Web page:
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Update on Parabens—Scientists Finding Them in Breast Tissue Again
I’ve posted about parabens before—those potentially harmful preservatives that are used in so many of our personal care products. These synthetic chemicals help keep products free of contamination, so they last longer.
Parabens can act like estrogen in the body, however, and since estrogen is considered one of the primary influences on breast cancer, researchers wondered if these chemicals could have anything to do with breast cancer risk.
Now, we have new studies that give us a few more details in how parabens may be affecting our health.
Parabens Found in Breast Tissue
Back in 2004, scientists published a small study showing that parabens were extracted from human breast tissue. The research covered only 20 samples, but it raised concerns that parabens could accumulate in the body and potentially cause health problems.
Critics reacted to the study, saying it was too small to be of significance, and that it did not show that parabens caused cancer in humans. Cosmetic corporations continued to state that parabens are present in products at small concentrations—too small to harm people.
New Study Shows Parabens in Breast Tissue Again
In March 2012, the same scientists published another study. This time, they looked at human breast tissue collected from 40 mastectomies for primary breast cancer in England between 2005 and 2008. They found one or more parabens in 99 percent of the samples. In 60 percent, they found all five different types of parabens. They were unable to identify the source of these chemicals, but noted that they were found in areas of the breast often attacked by tumors.
My doctor—Dr. Lipman—first drew my attention to this study. He states that the parabens were found primarily intact, which means they were not processed through the liver. This gives us a good indication they were likely absorbed through the skin.
Is it Deodorant?
Because of where on the breast scientists found parabens in the first 2004 study (outer region close to the armpit), it was initially thought that these chemicals may be coming from deodorants. According to this newer study, however, 7 of the participants had never used deodorant or antiperspirant, yet their breast tissue still showed the presence of parabens.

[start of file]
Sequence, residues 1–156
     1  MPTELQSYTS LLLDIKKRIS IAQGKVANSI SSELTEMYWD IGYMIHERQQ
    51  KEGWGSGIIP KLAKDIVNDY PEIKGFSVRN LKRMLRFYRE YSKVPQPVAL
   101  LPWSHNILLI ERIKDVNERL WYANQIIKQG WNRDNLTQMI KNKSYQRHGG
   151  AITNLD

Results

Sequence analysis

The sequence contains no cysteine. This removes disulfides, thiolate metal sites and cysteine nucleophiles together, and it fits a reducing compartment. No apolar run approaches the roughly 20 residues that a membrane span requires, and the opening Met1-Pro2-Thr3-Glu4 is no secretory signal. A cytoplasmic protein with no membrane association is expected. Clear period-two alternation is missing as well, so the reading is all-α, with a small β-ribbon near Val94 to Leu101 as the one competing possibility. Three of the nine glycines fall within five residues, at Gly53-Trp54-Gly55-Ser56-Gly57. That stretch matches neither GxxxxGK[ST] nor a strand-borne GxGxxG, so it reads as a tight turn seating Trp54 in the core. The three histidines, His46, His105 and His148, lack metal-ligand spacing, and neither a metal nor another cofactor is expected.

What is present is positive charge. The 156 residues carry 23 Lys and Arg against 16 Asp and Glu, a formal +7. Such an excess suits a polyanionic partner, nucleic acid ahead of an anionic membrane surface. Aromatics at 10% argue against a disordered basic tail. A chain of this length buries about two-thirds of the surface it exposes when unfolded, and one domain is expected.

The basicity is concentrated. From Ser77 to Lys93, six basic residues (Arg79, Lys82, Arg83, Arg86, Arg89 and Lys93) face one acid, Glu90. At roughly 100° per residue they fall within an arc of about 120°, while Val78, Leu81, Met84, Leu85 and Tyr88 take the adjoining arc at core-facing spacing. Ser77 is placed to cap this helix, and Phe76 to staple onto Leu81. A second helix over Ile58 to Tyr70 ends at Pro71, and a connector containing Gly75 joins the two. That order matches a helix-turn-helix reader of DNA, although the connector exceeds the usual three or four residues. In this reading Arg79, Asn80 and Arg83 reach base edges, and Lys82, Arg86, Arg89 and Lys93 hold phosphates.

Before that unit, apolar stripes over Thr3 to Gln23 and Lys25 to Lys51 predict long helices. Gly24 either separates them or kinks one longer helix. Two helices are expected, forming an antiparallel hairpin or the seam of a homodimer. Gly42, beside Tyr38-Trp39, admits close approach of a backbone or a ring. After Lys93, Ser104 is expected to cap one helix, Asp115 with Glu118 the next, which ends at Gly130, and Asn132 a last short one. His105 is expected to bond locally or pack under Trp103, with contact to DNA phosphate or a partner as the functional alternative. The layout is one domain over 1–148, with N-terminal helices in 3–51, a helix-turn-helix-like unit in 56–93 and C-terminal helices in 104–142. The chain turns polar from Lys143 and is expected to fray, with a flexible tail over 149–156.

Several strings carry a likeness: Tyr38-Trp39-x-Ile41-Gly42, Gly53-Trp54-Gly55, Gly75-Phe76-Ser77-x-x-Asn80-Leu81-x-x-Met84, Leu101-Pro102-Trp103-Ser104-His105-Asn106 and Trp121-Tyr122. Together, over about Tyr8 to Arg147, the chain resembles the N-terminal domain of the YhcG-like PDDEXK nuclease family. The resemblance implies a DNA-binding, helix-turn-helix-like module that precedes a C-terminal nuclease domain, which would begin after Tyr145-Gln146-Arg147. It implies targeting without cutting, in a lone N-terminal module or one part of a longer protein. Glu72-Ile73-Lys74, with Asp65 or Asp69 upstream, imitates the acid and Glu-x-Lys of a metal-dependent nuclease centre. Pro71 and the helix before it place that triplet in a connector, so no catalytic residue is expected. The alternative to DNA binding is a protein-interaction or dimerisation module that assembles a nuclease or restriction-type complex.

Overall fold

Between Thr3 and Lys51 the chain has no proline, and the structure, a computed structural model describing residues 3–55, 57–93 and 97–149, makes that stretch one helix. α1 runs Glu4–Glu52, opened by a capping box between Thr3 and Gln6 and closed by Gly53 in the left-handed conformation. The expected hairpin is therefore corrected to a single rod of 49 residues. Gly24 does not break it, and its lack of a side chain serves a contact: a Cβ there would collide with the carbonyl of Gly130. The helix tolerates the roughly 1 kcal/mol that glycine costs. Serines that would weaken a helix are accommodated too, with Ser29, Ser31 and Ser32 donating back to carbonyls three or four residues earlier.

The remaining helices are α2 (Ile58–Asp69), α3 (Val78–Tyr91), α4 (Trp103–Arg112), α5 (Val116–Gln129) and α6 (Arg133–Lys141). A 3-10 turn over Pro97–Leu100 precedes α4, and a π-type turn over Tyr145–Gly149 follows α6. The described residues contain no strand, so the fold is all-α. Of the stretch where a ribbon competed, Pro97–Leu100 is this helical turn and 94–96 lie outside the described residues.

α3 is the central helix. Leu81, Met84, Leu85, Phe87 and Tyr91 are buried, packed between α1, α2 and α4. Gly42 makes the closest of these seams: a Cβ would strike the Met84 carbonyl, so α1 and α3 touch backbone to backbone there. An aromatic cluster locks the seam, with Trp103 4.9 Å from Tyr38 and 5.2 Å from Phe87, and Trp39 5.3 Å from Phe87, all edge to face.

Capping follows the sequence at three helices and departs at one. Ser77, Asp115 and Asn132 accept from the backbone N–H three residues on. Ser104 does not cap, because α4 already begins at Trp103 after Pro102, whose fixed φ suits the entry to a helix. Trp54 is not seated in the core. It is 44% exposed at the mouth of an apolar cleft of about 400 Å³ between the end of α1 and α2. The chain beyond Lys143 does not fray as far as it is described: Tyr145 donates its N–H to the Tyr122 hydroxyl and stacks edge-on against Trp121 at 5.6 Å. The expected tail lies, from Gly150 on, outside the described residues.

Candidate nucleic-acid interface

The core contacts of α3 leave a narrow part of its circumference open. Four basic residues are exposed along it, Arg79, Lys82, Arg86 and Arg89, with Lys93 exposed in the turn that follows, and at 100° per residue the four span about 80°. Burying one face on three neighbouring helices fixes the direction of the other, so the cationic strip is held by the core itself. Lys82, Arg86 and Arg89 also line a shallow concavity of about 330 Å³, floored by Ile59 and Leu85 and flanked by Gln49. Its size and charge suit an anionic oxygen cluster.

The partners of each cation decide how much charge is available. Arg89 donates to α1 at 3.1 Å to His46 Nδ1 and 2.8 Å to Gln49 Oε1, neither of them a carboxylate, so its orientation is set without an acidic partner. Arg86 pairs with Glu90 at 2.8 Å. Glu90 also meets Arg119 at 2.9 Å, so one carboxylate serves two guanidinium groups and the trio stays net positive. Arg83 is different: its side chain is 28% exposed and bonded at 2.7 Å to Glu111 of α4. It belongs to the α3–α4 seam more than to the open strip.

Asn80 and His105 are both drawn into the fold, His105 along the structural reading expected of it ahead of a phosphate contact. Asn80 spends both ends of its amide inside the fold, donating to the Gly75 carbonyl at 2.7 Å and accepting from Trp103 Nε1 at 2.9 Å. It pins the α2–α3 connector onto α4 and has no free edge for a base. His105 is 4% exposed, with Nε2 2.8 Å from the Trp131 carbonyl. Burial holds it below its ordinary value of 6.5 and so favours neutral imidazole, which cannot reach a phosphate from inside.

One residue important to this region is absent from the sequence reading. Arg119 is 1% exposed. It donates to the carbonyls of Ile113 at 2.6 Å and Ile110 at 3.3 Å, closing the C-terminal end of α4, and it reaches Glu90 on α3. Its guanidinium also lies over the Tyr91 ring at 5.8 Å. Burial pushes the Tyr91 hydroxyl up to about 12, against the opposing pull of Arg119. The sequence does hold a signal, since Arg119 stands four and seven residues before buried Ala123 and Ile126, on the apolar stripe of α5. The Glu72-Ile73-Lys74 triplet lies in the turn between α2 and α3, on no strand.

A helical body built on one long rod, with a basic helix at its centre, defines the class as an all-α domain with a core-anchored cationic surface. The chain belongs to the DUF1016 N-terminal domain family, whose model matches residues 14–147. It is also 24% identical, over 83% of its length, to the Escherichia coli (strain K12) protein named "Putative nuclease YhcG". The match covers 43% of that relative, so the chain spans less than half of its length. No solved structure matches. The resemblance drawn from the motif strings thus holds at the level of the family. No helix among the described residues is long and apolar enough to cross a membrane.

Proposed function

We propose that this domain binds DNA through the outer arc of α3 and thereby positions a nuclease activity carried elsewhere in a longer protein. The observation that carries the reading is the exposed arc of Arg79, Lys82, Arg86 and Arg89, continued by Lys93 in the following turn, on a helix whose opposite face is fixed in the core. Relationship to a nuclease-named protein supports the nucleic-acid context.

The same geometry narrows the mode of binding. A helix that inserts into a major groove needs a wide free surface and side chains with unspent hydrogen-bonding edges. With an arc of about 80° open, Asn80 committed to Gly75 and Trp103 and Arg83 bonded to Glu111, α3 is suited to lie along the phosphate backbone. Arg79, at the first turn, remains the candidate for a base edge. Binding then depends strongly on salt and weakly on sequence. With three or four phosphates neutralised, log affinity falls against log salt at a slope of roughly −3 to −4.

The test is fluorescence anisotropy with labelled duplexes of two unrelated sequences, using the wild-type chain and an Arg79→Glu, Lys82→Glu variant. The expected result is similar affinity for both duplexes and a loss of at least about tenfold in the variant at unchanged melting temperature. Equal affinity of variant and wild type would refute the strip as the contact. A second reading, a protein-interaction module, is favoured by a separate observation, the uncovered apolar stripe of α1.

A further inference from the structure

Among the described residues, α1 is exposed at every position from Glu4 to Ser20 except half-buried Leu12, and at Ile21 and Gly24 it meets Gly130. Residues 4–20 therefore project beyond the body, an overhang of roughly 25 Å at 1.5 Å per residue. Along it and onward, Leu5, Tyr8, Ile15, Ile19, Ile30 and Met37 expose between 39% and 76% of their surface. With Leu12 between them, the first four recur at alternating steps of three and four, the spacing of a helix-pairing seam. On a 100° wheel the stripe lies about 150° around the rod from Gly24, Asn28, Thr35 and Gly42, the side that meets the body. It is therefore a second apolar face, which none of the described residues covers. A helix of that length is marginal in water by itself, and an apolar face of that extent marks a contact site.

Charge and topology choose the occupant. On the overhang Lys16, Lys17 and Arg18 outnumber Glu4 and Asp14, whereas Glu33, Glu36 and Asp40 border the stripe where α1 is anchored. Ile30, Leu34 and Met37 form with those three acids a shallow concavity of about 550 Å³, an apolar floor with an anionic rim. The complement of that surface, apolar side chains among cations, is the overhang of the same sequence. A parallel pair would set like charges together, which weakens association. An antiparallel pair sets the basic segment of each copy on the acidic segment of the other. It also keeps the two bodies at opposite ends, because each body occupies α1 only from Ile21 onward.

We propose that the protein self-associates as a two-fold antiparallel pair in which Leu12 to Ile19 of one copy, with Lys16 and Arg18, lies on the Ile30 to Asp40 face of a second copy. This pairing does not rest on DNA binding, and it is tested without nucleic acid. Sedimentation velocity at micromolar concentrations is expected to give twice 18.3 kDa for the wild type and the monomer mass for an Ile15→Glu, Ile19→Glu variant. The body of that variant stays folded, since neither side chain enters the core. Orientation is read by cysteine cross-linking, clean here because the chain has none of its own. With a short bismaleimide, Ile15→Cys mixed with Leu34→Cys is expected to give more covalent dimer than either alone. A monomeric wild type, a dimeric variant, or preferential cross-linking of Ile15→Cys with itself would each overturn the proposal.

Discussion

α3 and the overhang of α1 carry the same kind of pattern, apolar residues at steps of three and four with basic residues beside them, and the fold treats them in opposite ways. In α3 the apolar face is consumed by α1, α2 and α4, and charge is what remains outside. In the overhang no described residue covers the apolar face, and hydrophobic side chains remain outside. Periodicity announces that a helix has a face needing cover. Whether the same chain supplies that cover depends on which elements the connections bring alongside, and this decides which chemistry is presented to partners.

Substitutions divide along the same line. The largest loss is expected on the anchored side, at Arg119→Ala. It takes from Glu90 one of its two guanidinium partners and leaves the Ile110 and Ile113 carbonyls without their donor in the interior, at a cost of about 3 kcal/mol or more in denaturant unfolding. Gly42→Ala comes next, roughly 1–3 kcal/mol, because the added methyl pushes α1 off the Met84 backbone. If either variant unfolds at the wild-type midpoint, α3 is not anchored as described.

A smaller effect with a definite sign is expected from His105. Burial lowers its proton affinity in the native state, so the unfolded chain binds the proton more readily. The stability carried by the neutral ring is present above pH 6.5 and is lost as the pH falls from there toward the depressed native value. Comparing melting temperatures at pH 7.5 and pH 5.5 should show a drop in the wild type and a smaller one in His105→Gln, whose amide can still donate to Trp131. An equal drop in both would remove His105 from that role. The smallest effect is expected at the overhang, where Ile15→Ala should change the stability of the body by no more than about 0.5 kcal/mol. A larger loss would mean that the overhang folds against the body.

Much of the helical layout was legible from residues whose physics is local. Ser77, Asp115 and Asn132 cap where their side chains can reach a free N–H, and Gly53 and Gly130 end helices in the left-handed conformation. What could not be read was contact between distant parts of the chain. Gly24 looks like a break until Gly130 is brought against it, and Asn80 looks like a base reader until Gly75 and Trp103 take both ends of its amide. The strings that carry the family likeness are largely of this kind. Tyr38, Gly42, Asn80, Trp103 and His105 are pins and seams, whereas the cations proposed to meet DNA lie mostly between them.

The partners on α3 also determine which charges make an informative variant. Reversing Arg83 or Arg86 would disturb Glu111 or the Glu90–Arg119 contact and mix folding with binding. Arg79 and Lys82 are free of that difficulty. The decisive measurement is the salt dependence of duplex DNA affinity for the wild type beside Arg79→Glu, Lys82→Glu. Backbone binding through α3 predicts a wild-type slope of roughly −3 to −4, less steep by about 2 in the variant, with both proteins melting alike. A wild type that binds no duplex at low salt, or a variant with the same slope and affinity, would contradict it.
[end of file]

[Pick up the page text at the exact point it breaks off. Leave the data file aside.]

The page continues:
This leads researchers to speculate that the chemicals may be coming from other cosmetics as well, such as makeup, moisturizer, and sunscreen.
Parabens Show Potential for Causing Cancer
Even if we have these chemicals in our bodies, do we need to worry about it? That’s the main question on the minds of many researchers. So far, we really don’t know, but one other study in 2012 indicated we may have reason to be concerned.
Scientists observed parabens in the lab, and found that they could induce cancerous changes in breast tissue cells. They also found that when comparing samples from the 40 mastectomies mentioned from the former study, 22 of the 40 patients had at least one paraben present at the site of the primary breast cancer tumor. The scientists concluded that there may be a potential connection between parabens and cancer, and suggested additional studies.
How to Reduce Your Exposure
These are small, preliminary studies, and future research may prove the conclusions to be incorrect, but for now, it’s clear that parabens are getting inside us somehow. Whether or not they are doing damage once they are there, we don’t know, but I don’t like the idea of taking the risk.
In addition, I think these studies show that more and more chemicals are seeping into our bodies from the world around us. Anything we can do to reduce our exposure will be good for our health.
If you want to avoid parabens in your personal care products, read labels and avoid these ingredients:
And remember—companies don’t have to resort to using potentially harmful chemicals as preservatives. There are plenty of other options, including vitamins E and C, essential oils, and plant extracts. Those companies concerned about producing safe and healthy products will be more likely to use them. Be careful where you shop!
What do you think about these new paraben studies? Do you avoid these toxins in your personal care products?
Picture courtesy imagery majestic via freedigitalphotos.net.
Darbre, P.D., et al., “Concentrations of parabens in human breast tumours,” Journal of Applied Toxicology, 24(1): 5-13. http://centaur.reading.ac.uk/10465/.
L. Barr, et al., “Measurement of paraben concentrations in human breast tissue at serial locations across the breast from axilla to sternum,” Journal of Applied Toxicology, March 2012, Volume 32, Issue 3: 219-232. http://onlinelibrary.wiley.com/doi/10.1002/jat.1786/abstract.
Khanna, S., et al., “Parabens enable suspension growth of MCF-10A immortalized, non-transformed human breast epithelial cells,” Journal of Applied Toxicology, 2012 Jun 29, http://www.ncbi.nlm.nih.gov/pubmed/22744862.